- The Washington Times - Friday, February 2, 2007

ATLANTA (AP) — A federal jury rejected a former Coca-Cola secretary’s claim that she was duped by two ex-cons and convicted her yesterday of conspiring to steal trade secrets from the world’s largest beverage maker in an effort to sell them to rival Pepsi.

Joya Williams faces up to 10 years in prison. No sentencing date was immediately set.

The jury of seven women and five men deliberated for 11-1/2 hours over three days. On Thursday, jurors told U.S. District Judge J. Owen Forrester they were “hung” and could not decide. Judge Forrester told the jury to try again.

Williams showed no visible reaction when the verdict was announced yesterday. She remains free on bond, pending sentencing. Her lawyer plans an appeal.

Williams was fired as a secretary to Coca-Cola’s global brand director at the company’s Atlanta headquarters after the charges came to light.

The government said Williams stole confidential documents and samples of products that hadn’t been debuted from the Coca-Cola Co. and gave them to Ibrahim Dimson and Edmund Duhaney as part of a conspiracy to sell the items to Purchase, N.Y.-based Pepsico Inc. for at least $1.5 million.

The conspiracy was foiled after Pepsi warned Coca-Cola that it had received a letter in May 2006 offering Coca-Cola trade secrets to the “highest bidder.” The FBI began an undercover investigation and identified the letter writer as Dimson.

Dimson and Duhaney have pleaded guilty and are awaiting sentencing. Duhaney testified during Williams’ trial that Williams spearheaded the scheme. Dimson did not testify.

The government said Williams was deeply in debt, unhappy in her job and seeking a big payday, so she embarked on the scheme to steal trade secrets.

Defense lawyer Janice Singer urged jurors to use their common sense, and she argued that prosecutors did not prove their case beyond a reasonable doubt.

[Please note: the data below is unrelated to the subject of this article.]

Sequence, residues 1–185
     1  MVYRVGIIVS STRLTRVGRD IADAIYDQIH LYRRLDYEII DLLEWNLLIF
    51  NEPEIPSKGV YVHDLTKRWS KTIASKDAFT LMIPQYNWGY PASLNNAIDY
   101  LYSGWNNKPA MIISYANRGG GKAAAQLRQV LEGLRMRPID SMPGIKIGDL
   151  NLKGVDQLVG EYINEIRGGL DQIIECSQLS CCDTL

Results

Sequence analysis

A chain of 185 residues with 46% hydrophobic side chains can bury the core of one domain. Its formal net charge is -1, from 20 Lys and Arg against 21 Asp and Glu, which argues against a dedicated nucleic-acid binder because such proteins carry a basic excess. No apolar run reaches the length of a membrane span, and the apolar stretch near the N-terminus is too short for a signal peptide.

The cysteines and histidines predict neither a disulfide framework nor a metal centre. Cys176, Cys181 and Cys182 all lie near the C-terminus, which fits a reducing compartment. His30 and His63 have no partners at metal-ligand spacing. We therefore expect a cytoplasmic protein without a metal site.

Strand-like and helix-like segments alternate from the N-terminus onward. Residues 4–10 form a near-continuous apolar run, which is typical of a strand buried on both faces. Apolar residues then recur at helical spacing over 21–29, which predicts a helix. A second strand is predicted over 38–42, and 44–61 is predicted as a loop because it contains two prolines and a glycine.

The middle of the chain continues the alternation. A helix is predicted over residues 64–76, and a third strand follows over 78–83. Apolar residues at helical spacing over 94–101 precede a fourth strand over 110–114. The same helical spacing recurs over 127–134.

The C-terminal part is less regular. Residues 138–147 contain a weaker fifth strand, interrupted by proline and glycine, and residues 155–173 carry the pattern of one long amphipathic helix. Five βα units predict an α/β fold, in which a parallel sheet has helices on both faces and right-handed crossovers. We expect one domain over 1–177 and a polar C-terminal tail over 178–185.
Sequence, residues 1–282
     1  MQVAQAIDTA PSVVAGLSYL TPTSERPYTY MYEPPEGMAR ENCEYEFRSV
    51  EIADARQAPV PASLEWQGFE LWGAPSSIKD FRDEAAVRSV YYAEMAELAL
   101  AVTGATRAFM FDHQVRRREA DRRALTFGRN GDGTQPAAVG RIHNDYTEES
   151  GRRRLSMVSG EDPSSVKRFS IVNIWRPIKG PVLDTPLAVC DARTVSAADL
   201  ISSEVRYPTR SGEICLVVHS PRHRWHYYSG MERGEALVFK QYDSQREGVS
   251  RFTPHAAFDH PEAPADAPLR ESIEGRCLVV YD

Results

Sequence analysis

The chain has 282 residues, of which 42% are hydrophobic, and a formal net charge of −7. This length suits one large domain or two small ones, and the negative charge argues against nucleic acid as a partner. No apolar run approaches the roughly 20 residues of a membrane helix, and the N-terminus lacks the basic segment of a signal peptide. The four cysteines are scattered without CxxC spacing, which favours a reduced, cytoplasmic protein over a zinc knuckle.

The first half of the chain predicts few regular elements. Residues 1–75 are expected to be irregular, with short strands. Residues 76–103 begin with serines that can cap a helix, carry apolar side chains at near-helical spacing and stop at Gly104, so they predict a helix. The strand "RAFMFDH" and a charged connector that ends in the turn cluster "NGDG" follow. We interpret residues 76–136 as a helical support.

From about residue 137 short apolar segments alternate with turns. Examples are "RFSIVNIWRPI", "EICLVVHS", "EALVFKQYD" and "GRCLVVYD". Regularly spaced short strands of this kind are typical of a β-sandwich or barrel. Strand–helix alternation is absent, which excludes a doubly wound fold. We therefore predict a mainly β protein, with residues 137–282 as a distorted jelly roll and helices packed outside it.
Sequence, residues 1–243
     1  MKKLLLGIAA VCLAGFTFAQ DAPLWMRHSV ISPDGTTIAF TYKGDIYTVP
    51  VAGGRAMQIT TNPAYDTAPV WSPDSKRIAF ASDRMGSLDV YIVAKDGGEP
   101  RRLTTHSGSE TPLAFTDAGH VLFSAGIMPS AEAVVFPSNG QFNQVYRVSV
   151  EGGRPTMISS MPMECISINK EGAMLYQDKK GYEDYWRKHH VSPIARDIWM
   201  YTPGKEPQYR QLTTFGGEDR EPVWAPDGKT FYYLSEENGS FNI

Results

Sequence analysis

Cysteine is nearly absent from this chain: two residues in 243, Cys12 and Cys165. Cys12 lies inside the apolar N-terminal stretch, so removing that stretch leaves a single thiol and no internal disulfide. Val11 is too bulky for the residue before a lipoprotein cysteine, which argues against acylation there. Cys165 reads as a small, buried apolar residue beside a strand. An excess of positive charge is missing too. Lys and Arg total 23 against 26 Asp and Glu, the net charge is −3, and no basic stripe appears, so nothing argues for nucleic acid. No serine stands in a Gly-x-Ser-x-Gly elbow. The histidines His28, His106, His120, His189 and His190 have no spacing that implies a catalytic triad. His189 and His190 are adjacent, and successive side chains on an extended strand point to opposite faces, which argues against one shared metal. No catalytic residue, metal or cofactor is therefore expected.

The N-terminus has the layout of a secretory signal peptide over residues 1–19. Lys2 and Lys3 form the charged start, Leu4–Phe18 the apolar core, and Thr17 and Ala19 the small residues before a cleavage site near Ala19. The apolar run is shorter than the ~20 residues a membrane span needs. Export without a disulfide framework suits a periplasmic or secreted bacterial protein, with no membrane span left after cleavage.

During two days on the stand, Williams testified that she didn’t steal anything from Coke, but rather took documents and product samples home to protect herself in case her boss questioned whether she was doing her job.

She also claimed that $4,000 in cash she deposited into her bank account in June 2006, just days after Dimson was given $30,000 in cash from an undercover FBI agent in exchange for Coke materials, came from a friend, not from Dimson.

But the friend, Clifton Carroll, testified Tuesday that Williams was lying; he said the most money he ever lent her was $400, and that was after her July 5 arrest.

Juror Rodney Brown said that when the jury broke Thursday after saying it was deadlocked, the members were split down the middle.

Asked if Williams’ credibility was an issue, he said, “I think there were some issues about how she represented herself.”

Brown said the jurors found one piece of evidence particularly important: The wiretapped phone calls between Dimson and Duhaney, in which they discussed the scheme and how to split up the money they hoped to get from Pepsi among themselves and Williams.

U.S. Attorney David Nahmias told reporters after the verdict that Williams “misused her unique access” to confidential Coca-Cola documents “for personal profit.”

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